Dear Friends and Neighbors,
The education funding debate is starting to heat up. Both the Senate Republicans and the House Democrats have released their proposals to solve the final McCleary puzzle piece: the state's overreliance upon local levy dollars to fund basic education.
The Democrats fail to show how they would pay for their plan, including exactly which taxes they would create or raise to get the $6.5 billion needed to fund their proposal. We've seen tax proposals from them, but don't know specifically which ones they would use for education. To view a list of the over $7 billion in tax increases proposed by House Democrats so far, click here.
While there are some concerns with the Senate proposal, it does a good job of funding education mostly within existing revenues. To view a side-by-side comparison of the two plans, click here.
This is a good first step as both sides have made their plans public and open for debate. However, until House Democrats pass their plan off the House floor and actually vote for the tax increases needed to fund their plan, it's tough to negotiate in good faith. You have one side with a fully-funded proposal and the other using “ghost money.” I'll keep you informed as the session progresses.
My online survey
Again, if you haven't yet taken my online survey, please do so. I value your thoughts and opinions as I represent you in Olympia. It should only take a moment of your time and I'll report the results back to you later on this session. You can take my survey here.
Water update: The Hirst decision
Many of you have contacted my office about the state Supreme Court's overreach with the Hirst decision, which has effectively put a stop to construction and development with exempt wells around the state. We are working hard to come up with a solution. Here are some of the bills we're working on:
HB 1382 The Hirst Washington Supreme Court decision indicated that Counties (not property owners) had to establish that water usage from an exempt well does not impair in stream flows. This bill changes the presumption of “impairment” to presumption of “no impairment” for permit exempt wells.
- HB 1349 The Hirst decision came about because there was a concern about water usage and impact of exempt wells in rural areas. A USGS hydrogeologist before a joint hearing in December indicated exempt wells are only 1 percent of WA water usage. Some counties have stopped issuing permit exempt wells because of the decision. This bill itemizes all the money the state has paid over a decade to improve fish habitat and then declares the cumulative impacts on instream or base flows associated with permit-exempt groundwater withdrawals are deemed mitigated. This way, permit exempt wells can continue as statute requires, not restricted by this court decision.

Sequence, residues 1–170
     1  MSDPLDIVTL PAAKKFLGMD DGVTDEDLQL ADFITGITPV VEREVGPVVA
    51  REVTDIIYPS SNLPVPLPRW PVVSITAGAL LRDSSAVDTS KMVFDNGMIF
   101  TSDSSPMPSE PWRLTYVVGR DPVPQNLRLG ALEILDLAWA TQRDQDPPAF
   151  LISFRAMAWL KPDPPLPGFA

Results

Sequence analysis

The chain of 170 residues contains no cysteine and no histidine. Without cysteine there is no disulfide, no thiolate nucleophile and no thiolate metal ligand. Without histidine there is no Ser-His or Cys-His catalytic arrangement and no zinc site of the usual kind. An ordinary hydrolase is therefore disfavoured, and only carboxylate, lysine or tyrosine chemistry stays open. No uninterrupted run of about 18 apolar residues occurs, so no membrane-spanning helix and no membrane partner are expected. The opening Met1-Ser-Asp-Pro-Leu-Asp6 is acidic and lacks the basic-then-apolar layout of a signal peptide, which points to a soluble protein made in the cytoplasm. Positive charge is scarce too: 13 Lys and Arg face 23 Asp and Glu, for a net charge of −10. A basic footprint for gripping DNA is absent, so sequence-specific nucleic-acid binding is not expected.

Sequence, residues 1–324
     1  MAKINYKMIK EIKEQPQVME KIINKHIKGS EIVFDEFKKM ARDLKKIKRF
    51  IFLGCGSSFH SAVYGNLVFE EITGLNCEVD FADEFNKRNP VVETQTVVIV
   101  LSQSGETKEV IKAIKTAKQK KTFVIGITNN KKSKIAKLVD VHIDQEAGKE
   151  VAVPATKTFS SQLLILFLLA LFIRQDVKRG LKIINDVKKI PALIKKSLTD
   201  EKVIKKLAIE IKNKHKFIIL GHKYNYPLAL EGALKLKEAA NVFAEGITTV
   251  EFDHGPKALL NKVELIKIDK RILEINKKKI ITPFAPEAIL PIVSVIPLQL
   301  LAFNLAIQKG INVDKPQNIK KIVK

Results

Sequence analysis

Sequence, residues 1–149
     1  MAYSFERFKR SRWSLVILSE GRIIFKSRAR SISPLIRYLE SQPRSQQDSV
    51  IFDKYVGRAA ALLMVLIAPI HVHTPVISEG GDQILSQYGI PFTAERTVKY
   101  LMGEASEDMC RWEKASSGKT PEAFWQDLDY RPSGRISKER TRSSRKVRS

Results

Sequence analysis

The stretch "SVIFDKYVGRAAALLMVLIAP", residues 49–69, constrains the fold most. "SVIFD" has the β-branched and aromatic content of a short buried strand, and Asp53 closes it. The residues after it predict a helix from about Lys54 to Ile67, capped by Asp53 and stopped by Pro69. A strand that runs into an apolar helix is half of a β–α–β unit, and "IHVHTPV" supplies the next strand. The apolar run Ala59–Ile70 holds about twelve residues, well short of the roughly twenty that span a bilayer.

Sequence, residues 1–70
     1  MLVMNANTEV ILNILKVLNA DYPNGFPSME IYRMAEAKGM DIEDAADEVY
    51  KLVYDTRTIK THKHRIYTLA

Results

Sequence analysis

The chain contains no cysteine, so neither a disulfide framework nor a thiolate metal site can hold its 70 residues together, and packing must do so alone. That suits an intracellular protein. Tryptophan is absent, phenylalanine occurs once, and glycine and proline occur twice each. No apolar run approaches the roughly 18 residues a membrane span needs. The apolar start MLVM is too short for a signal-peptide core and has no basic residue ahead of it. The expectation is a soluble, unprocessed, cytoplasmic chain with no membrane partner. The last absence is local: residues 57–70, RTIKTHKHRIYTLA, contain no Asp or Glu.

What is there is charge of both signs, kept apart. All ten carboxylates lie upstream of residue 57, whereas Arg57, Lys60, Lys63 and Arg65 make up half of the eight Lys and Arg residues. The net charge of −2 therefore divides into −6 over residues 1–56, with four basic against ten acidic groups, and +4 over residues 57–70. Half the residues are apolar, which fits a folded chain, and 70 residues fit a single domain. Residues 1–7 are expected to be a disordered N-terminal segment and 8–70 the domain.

- HB 1459 The Hirst decision perpetuates on the concept that wells are detrimental to the environment and only remove water. There is an understanding that sometimes wells actually go into deeper aquifers and may bring more water to the surface. This bill requires assessments of land use to take into account potential recharge of groundwater.
- HB 1748 The Hirst decision interpreted the “rural element” of the Growth Management Act that has resulted in some counties preventing usage of permit exempt wells. Some counties are now requiring property owners to hire hydrogeologists to find legal and physical water for each property, thus de facto nullifying the “permit-exempt” which is still clearly stated in statute. The GMA is supposed to provide affordable housing in all areas, and exempt wells are an important aspect of affordable housing in rural areas. This bill modifies the rural element of the GMA to remove some restrictive language and clearly declares exempt wells unrestricted by the GMA are part of the rural environment
- The Hirst issue is a complex one, but I have confidence we'll be able to arrive at a solution.
Thank you for reading my e-newsletter and for staying involved. Please feel free to contact my office with any questions or concerns about your state government.